We had a relaxed start to the day, and soon we were running along the flat valley floor. I wave to a man and immediately, another person – who turned out to be his son – waves me over and invites me in for lunch. I explained there was four of us and he told me it was fine, there was food and tea for all of us. Ten minutes later we were ensconced in Alan (the dad) and Tamerlane (the son)’s house where Alan’s wife served us loads of bread and apricot jam with fresh tea. After an hour of their hospitality, the dutch girls gave them a small clog, and we hopped back onto our bikes.
The ride along the valley was simply stunning, with lots of wee villages and high plateaus. There was a lot of climbing but beautiful roads throughout and loads to see. In Kyrgyzstan it’s rare for there not be someone on horseback in sight somewhere, and you really feel like you’re in a completely different world. At one point, as I was cycling along the side of a hill, I look across the valley to see a guy splashing through a river on his horse. I stop for a few photos and as soon as he hits the other side of the river he starts to gallop. I recognise a challenge when I see one, so I jump on my bike and do my best to try and race him, but horses are a damn sight faster than I am. He rode up to the road and introduced himself before trotting off down the hill. I think he just liked the idea of a race.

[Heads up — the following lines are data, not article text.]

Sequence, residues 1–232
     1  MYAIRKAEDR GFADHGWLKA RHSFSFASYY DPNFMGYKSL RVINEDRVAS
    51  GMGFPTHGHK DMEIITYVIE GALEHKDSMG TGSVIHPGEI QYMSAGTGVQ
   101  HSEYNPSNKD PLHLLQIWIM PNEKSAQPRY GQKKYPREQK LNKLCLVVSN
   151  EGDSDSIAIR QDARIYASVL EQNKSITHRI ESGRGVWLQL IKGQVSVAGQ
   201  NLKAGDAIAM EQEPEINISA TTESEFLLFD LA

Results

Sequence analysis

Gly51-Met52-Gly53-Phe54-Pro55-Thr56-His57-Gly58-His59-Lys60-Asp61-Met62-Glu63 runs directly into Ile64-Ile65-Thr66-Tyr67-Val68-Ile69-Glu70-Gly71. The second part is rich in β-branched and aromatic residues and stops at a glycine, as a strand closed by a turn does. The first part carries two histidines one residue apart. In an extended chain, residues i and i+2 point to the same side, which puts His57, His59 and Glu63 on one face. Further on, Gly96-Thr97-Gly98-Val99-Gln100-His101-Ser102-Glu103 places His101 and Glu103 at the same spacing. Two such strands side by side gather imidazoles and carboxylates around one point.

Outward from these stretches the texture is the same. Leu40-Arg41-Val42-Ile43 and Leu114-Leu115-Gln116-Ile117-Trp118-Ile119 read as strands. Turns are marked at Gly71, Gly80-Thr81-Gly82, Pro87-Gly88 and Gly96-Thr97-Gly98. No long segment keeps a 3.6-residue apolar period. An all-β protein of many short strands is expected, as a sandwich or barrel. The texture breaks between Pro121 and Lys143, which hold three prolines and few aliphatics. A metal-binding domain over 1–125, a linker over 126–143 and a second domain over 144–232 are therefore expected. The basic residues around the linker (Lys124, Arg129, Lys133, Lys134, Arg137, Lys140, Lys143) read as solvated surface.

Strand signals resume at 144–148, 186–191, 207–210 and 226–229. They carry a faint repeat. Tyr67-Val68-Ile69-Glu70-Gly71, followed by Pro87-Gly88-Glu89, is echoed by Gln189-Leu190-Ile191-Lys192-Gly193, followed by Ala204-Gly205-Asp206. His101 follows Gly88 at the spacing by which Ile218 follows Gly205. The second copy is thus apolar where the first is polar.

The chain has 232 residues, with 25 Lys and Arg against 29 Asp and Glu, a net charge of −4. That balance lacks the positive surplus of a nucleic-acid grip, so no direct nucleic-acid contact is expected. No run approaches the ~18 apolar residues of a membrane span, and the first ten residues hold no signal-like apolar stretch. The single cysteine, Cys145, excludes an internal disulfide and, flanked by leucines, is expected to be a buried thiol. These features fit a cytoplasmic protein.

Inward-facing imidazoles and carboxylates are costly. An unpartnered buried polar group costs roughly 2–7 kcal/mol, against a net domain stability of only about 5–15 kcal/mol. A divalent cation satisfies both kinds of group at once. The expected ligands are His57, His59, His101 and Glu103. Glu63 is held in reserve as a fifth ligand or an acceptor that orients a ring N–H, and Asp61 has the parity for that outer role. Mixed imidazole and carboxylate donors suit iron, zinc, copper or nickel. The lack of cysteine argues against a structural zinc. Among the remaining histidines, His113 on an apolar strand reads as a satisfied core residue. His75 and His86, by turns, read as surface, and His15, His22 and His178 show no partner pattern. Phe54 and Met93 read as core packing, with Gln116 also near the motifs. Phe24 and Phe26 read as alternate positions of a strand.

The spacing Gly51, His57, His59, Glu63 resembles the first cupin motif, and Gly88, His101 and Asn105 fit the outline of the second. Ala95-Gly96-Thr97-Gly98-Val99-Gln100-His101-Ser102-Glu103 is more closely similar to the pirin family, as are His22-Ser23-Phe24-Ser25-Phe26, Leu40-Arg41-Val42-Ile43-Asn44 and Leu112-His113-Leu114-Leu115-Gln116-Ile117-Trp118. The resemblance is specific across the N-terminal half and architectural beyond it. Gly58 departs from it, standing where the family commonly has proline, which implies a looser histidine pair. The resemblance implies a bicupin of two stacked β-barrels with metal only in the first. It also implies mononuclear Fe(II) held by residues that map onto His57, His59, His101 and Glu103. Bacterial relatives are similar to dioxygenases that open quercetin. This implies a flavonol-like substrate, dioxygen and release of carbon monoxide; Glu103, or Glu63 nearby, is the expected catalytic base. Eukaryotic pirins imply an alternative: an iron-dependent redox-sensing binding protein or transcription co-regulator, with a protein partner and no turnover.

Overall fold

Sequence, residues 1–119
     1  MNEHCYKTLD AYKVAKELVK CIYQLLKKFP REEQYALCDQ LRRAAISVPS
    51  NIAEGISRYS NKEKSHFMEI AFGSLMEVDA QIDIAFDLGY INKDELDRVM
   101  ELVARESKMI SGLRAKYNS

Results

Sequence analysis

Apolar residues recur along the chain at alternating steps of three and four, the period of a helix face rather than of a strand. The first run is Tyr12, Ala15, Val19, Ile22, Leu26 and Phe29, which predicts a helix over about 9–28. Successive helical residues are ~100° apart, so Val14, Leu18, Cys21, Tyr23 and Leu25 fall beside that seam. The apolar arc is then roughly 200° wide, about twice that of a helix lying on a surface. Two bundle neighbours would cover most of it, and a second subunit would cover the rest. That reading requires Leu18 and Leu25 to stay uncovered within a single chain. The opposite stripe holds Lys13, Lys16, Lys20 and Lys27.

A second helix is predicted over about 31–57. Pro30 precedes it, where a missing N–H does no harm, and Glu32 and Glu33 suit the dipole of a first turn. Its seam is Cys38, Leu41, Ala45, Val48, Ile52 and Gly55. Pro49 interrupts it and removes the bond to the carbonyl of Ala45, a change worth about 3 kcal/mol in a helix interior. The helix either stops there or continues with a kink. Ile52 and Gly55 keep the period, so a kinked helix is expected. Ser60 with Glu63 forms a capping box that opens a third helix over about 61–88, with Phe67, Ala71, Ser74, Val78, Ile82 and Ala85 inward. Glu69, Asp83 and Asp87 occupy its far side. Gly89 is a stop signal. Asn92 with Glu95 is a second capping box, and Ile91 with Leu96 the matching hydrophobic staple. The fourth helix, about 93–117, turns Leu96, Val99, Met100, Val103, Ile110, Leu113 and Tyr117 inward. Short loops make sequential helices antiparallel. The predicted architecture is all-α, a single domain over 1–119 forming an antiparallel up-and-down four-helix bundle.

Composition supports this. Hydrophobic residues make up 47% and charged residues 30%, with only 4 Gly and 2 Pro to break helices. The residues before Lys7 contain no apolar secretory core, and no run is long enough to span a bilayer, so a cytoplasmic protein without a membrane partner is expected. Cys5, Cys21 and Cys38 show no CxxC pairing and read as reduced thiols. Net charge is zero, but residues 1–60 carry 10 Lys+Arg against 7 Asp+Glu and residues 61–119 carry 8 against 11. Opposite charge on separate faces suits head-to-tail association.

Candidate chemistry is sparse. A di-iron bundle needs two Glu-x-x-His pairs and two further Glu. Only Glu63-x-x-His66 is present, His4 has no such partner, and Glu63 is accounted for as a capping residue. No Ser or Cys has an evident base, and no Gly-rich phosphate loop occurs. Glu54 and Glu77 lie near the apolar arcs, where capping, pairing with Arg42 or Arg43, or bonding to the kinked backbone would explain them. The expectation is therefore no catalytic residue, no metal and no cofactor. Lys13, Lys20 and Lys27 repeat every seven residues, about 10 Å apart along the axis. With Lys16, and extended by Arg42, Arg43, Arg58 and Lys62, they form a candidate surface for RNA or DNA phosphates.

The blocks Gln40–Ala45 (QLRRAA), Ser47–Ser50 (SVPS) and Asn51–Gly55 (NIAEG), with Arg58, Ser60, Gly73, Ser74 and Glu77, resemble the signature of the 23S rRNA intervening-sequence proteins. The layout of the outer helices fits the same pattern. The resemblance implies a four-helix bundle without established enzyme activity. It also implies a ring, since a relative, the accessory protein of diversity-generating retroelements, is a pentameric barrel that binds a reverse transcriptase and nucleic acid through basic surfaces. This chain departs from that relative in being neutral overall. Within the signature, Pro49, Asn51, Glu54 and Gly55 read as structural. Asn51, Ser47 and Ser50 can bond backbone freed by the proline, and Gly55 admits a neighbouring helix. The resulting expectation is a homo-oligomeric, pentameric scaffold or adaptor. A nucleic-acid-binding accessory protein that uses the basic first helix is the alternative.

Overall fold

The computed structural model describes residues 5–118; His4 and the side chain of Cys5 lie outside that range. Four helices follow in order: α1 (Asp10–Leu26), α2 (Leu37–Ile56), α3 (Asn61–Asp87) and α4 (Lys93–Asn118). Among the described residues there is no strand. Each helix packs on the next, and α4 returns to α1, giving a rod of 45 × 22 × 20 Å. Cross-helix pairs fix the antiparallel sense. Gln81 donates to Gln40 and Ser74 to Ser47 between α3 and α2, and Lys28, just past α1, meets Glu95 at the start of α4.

After about 80km of tough riding, we were still three kilometres from the base of the big climb (and a sign said 9% gradient for the next km) so I called a halt. I found a nice place to camp up beside a stream on the side of the road, and after we’d dragged our bikes over the burn, we set up camp. Food was getting low, so had an awful dinner of tuna, beans and undisclosed meat. I messaged my brother, Iffy and he was able to tell me our elevation – 2900metres – and we only had to climb to 3500, so less than I was expecting.